Areas of Research
Robotics and Autonomy

Creating machines that interact with complex environments, make decisions, take action, and collaborate with humans and one another

On land, in air, in space, and underwater, as individuals and as teams, autonomous machines increasingly impact infrastructure, healthcare, security, manufacturing, and the environment. Our research in robotics and autonomy drives fundamental advances in materials, actuation, and sensing and control; sensorimotor integration; locomotion, manipulation, and swarm behavior; machine perception and cognition; and human-robot interaction.

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Research Area Subtopics

A model of a fish's electrosensory system. (M. MacIver)

Bio-inspiration, Neuromechanics, and Neuroscience

We study sensorimotor integration in model animal systems to better understand neuromechanics and to derive inspiration for robots. We particularly seek to understand how animals move their bodies and sensory organs in order to execute behaviors, such as prey capture. Model systems include rat whisking and the electrosense of the black ghost knifefish.

Surface haptics on glass touchscreens.
(E. Colgate, M. Peshkin)

Human-machine Systems

We investigate a broad range of topics in human-machine systems including haptic interfaces to virtual environments, haptic feedback on touch surfaces, human-in-the-loop control systems to augment motor learning, human-robot co-adaptation, especially in the context of rehabilitation, and dynamic allocation of autonomy in the context of human-robot teams.

A swarm of 100 coordinating ground robots.
(M. Rubenstein)

Swarm Robotics and Decentralized Computation

Networked systems often exhibit emergent behavior. In nature, for example, flocks of birds, schools of fish, and swarms of bees all develop cohesive global behavior from purely local interactions. We develop tools to design local control, communication, and estimation laws for individual agents that yield a desired group behavior such as self-assembly or locomotion.

Gait generation for quadruped locomotion (T. Murphey)
Gait generation for quadruped locomotion. (T. Murphey)

Autonomous Systems

Autonomous systems use sensory data, artificial intelligence, machine learning, and motion planning and control to make real-time decisions about how to act in changing environments. We explore new ways for robots, vehicles, and other powered devices to achieve sophisticated autonomous behaviors, including locomotion on complex terrain, multi-fingered or nonprehensile manipulation, and automation in manufacturing.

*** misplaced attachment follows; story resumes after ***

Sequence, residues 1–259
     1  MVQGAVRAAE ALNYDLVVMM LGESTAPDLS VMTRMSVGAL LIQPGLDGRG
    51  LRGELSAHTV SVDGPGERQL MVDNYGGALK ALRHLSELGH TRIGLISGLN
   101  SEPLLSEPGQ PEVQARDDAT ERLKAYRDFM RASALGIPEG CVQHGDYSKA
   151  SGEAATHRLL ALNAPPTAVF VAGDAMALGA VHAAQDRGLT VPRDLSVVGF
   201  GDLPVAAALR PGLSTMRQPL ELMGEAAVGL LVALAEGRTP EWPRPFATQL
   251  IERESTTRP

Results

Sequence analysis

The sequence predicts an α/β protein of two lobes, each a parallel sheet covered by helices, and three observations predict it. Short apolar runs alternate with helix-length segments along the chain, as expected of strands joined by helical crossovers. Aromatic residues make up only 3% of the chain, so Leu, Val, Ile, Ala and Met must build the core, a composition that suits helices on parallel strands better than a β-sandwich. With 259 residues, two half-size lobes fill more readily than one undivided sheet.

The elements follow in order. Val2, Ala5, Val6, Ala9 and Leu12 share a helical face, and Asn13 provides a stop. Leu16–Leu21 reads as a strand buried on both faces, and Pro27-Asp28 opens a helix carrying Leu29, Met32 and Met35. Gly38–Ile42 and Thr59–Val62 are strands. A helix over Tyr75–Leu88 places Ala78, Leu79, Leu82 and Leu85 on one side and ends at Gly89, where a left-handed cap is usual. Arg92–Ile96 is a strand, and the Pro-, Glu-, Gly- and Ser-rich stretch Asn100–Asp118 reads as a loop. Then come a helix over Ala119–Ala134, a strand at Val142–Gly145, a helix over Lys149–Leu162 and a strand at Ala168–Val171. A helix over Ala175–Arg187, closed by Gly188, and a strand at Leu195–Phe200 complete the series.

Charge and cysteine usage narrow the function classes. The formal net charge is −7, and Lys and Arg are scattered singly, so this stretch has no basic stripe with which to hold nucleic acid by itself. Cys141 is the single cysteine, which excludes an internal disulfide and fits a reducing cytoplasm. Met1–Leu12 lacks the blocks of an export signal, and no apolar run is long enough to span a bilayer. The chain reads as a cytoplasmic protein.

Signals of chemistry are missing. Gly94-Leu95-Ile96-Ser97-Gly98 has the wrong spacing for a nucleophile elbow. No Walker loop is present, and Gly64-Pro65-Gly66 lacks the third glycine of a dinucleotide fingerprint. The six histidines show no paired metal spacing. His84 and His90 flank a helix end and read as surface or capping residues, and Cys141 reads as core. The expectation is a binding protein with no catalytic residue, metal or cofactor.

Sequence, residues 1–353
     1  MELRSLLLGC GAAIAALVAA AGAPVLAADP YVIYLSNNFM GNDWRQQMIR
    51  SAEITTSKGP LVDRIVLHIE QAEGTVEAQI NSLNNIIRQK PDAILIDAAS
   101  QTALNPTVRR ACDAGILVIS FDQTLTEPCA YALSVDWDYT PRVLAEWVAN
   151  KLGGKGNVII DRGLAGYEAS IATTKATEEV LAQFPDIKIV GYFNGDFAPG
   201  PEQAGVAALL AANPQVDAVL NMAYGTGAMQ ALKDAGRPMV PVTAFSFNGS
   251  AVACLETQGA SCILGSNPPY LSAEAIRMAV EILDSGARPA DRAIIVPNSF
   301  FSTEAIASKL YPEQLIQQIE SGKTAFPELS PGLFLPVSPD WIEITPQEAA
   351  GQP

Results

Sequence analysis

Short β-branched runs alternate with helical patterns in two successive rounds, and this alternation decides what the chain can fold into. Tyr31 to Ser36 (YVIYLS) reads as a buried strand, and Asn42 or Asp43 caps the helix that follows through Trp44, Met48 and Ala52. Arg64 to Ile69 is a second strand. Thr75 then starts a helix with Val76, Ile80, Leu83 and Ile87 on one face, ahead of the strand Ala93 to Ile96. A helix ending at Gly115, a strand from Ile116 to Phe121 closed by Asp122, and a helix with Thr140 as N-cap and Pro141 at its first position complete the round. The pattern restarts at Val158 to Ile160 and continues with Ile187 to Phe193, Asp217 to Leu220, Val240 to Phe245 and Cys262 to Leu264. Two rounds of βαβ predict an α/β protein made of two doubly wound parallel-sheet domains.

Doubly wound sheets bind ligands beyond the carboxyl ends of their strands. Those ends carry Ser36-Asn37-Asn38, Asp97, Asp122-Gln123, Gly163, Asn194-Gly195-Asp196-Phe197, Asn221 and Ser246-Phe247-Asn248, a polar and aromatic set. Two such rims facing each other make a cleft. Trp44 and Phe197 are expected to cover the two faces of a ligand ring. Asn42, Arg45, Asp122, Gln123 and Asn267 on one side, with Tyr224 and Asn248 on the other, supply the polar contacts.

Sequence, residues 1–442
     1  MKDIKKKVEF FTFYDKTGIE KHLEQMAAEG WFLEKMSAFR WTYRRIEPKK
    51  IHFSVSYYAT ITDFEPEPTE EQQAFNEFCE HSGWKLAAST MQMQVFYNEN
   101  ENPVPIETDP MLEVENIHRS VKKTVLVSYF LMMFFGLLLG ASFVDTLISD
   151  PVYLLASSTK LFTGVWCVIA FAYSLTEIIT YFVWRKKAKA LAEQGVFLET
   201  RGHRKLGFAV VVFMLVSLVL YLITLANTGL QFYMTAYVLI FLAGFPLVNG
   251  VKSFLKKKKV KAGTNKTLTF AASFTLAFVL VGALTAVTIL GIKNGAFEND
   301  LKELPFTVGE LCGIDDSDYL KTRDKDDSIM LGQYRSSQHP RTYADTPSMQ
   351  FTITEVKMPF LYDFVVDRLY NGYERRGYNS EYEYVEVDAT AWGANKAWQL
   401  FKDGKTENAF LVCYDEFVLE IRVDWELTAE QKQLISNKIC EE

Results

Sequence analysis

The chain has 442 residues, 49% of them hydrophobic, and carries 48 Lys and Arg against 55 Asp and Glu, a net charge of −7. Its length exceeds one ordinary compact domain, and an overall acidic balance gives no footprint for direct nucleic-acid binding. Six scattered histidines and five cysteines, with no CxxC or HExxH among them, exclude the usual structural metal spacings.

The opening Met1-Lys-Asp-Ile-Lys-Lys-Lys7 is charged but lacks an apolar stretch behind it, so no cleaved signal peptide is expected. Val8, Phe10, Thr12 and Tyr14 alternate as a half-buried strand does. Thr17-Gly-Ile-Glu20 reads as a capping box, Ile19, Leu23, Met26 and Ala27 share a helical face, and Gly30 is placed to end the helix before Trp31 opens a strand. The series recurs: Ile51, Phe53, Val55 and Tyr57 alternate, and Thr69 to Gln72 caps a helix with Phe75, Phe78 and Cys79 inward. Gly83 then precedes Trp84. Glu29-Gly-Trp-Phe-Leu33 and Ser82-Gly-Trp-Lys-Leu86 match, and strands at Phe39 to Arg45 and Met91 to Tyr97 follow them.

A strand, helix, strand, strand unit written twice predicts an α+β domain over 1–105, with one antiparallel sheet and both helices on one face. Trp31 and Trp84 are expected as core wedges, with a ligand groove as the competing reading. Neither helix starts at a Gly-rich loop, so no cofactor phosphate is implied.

A 3D printed soft robotic hand with distributed ionogel sensors. (R. Truby)
A 3-D printed soft robotic hand with distributed ionogel
sensors. (R. Truby)

Soft Robotics

We develop soft devices and machines with novel bioinspired actuation, perception, control, and power capabilities. This work includes the synthesis and characterization of functional soft, polymeric, and nanoscale materials, the development of novel additive and digital manufacturing methods, and the design of soft robotic structures with embedded sensors, actuators, and control.

ME Faculty

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Brenna Argall

Associate Professor of Computer Science

Associate Professor of Mechanical Engineering

Associate Professor of Physical Medicine and Rehabilitation

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Jian Cao

Cardiss Collins Professor of Mechanical Engineering and (by courtesy) Civil and Environmental Engineering and Materials Science and Engineering

Director, Northwestern Initiative for Manufacturing Science and Innovation (NIMSI)

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J. Edward Colgate

Professor of Mechanical Engineering

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Kornel Ehmann

Professor of Mechanical Engineering

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Ping Guo

Assistant Professor of Mechanical Engineering

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Mitra Hartmann

Professor of Biomedical Engineering

Professor of Mechanical Engineering

Director of Graduate Studies for Biomedical Engineering

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Kevin Lynch

Professor of Mechanical Engineering

Director, Center for Robotics and Biosystems

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Malcolm MacIver

Professor of Biomedical Engineering

Professor of Mechanical Engineering

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Todd Murphey

Professor of Mechanical Engineering

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Michael Peshkin

Professor of Mechanical Engineering

Breed Senior Professor of Design

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Michael Rubenstein

Assistant Professor of Computer Science

Assistant Professor of Mechanical Engineering

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Ryan Truby

Assistant Professor of Materials Science and Engineering

Assistant Professor of Mechanical Engineering

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Courtesy Faculty

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John Rogers

Louis Simpson and Kimberly Querrey Professor of Materials Science and Engineering, Biomedical Engineering and Neurological Surgery (and by courtesy Electrical and Computer Engineering, Mechanical Engineering, Chemistry and Dermatology)

Director, Querrey Simpson Institute for Bioelectronics

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Petia Vlahovska

Professor of Engineering Sciences and Applied Mathematics (by courtesy) Mechanical Engineering

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